September 14, 2011
STATE OF NEW JERSEY, PLAINTIFF-RESPONDENT,
PHOENIX FEELEY, DEFENDANT-APPELLANT.
On appeal from the Superior Court of New Jersey, Law Division, Monmouth County, Municipal Appeal No. 09-058.
NOT FOR PUBLICATION WITHOUT THE APPROVAL OF THE APPELLATE DIVISION
Submitted September 6, 2011
Before Judges Payne and Messano.
After trial in the Spring Lake municipal court, defendant Phoenix Feeley was found guilty of two counts of violating Spring Lake Borough Ordinance 269-3, and one count of obstruction, N.J.S.A. 2C:29-1(a).*fn1 Following a de novo trial in the Law Division, defendant was convicted of only the two ordinance violations and the remaining charges were dismissed.
Before us, defendant raises the following point:
THE VOGT DECISION, FOLLOWED BY THE LOWER COURT, MUST BE INVALIDATED AND MS. FEELEY'S CONVICTION MUST BE REVERSED AS ANY JUSTIFICATION FOR ALLOWING MEN TO REMAIN SHIRTLESS ON A BEACH WHILE SUBJECTING WOMEN TO PROSECUTION FOR THE SAME CONDUCT CANNOT BE CHARACTERIZED AS EXCEEDINGLY PERSUASIVE
We have considered this argument in light of the record and applicable legal standards. We affirm.
The facts are essentially uncontested. On June 28, 2008, defendant removed the top of her bathing suit while sitting on the public beach in Spring Lake. Police officer Robert Zoino approached and asked that she put her top back on. When defendant refused, Zoino arrested her and brought her to police headquarters.
After being processed and supplied with a tee shirt by the police, defendant was released. However, shortly thereafter, Zoino and another officer responded to a call of a topless woman at a street intersection near police headquarters. Defendant was again arrested and issued additional summonses. Police officer Michael Rutka found the tee shirt supplied to defendant hanging from the entrance door of the police department.
Before the municipal court judge, and again on appeal to the Law Division, defendant did not challenge these proofs.*fn2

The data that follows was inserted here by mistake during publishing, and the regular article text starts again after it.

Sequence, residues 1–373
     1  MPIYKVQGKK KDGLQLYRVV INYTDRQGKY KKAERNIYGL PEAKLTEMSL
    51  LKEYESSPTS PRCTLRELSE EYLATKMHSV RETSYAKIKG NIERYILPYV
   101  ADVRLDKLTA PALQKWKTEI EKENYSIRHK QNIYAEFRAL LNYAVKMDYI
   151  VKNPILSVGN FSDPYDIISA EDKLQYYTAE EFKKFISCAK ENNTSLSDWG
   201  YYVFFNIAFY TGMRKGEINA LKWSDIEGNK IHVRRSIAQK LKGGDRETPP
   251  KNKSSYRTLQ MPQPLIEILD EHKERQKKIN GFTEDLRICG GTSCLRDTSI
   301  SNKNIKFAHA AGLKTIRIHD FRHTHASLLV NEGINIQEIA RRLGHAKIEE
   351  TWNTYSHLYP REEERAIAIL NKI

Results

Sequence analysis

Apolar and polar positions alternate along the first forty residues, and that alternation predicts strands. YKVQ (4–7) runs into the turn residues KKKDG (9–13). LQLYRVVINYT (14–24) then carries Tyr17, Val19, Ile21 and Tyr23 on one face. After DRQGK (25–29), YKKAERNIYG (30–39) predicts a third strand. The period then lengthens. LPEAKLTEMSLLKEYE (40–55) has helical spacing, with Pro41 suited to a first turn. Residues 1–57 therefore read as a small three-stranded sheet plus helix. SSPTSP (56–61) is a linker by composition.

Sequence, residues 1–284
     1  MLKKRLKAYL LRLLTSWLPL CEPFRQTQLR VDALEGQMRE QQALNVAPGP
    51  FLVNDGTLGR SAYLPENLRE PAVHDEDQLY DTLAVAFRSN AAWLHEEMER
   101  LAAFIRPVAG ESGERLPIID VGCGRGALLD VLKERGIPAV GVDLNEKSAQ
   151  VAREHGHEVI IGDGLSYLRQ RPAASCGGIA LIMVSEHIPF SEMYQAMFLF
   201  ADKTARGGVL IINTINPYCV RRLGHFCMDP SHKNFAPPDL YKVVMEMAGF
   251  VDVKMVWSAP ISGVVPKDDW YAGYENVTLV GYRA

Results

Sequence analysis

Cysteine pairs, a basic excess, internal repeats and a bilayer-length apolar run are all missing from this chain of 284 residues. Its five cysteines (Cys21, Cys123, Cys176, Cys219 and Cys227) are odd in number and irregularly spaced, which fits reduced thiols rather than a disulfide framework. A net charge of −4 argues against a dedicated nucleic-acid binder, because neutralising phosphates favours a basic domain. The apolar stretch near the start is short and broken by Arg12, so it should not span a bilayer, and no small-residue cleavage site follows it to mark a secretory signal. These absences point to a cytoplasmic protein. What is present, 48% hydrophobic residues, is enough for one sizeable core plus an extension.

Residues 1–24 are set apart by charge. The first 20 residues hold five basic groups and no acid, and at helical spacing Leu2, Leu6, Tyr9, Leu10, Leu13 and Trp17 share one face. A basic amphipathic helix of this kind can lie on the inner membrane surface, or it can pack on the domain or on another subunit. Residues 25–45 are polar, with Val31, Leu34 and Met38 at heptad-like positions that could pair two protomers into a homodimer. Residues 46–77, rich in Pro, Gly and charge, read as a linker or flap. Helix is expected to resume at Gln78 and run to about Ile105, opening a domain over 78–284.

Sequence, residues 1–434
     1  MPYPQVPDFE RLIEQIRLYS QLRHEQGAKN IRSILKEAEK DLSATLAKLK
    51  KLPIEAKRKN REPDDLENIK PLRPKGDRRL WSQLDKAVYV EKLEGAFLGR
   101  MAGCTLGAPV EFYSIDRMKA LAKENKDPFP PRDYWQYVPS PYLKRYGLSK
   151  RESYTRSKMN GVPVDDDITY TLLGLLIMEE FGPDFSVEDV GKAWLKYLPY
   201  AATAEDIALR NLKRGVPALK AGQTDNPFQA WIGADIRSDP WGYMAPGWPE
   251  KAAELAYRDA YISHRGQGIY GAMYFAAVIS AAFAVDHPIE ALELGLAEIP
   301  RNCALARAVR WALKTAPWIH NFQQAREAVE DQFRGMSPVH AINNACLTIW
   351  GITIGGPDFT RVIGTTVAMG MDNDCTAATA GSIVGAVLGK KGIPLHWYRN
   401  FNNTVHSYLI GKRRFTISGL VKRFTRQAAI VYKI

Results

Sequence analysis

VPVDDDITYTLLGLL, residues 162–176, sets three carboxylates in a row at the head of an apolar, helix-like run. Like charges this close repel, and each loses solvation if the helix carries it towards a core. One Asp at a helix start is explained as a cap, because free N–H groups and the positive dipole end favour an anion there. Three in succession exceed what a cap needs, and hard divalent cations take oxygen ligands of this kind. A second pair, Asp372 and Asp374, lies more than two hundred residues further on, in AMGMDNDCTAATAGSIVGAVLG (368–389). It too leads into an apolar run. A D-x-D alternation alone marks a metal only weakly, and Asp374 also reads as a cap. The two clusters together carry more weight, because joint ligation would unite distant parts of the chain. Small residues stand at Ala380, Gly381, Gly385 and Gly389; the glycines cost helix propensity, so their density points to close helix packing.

Instead, she argued, among other things, that application of the public nudity ordinance under the facts presented violated defendant's rights to equal protection under the fourteenth Amendment to the United States Constitution. Specifically, defendant contended that men were permitted to appear topless on the public beach, but women were not. Both the municipal court judge, and the Law Division judge, rejected the argument.
In a thorough written opinion, the Law Division judge cited extensively to our decision in State v. Vogt, 341 N.J. Super. 407 (App. Div. 2001). Noting that "defendant . . . [may have] present[ed] compelling policy arguments in her brief," the judge nonetheless concluded he was "bound by the holding of the appellate court because both the factual circumstances and the regulations in question in Vogt and in this case [we]re indistinguishable." He found defendant guilty of two ordinance violations, imposed an aggregate fine of $750, and this appeal followed.
Defendant argues that we should depart from continued reliance upon our decision in Vogt because it "unjustifiably sanctions arrest and prosecution based on gender." The argument lacks sufficient merit to warrant extended discussion in this opinion. R. 2:11-3(e)(2).
The ordinance in this case provided in pertinent part:
[I]t shall be unlawful for any person to appear or travel on any street, avenue or road, beach, waterway, alleyway, driveway or any area of private property open to public view in the Borough or appear in any other such place in the Borough in a state of nudity; in an indecent or lewd dress or garment; or make any indecent exposure of his or her person; or urinate in any of the above described places except in public restrooms. [Borough of Spring Lake, N.J., Code § 269-3.]
As the Law Division judge noted, the language of the challenged ordinance in Vogt was substantially the same as that cited above, and the facts in that case are indistinguishable from those presented here.
In Vogt, supra, 341 N.J. Super. at 416-17, we concluded that "there [wa]s no constitutional right for a woman to appear topless on a public beach," and "[r]estrictions on the exposure of the female breast are supported by the important governmental interest in safeguarding the public's moral sensibilities, and th[e] ordinance [wa]s substantially related to that interest." Id. at 417. We further noted that distinctions based upon gender must satisfy an "'intermediate' level of scrutiny," i.e., "the distinction must be justified by an important governmental interest that is substantially accomplished by the challenged discriminatory means." Id. at 417-18 (citations omitted). "The burden of justifying the classification is on the state, which must show that the claimed justification is 'exceedingly persuasive.'" Id. at 418 (quoting United States v. Virginia, 518 U.S. 515, 533, 116 S. Ct. 2264, 2275, 135 L. Ed. 2d 735, 751 (1996)). We determined that "the ordinance satisfie[d] both the federal and state tests for equal protection." Id. at 417.
Defendant has presented no principled reason for us to depart from our holding in Vogt. We therefore affirm.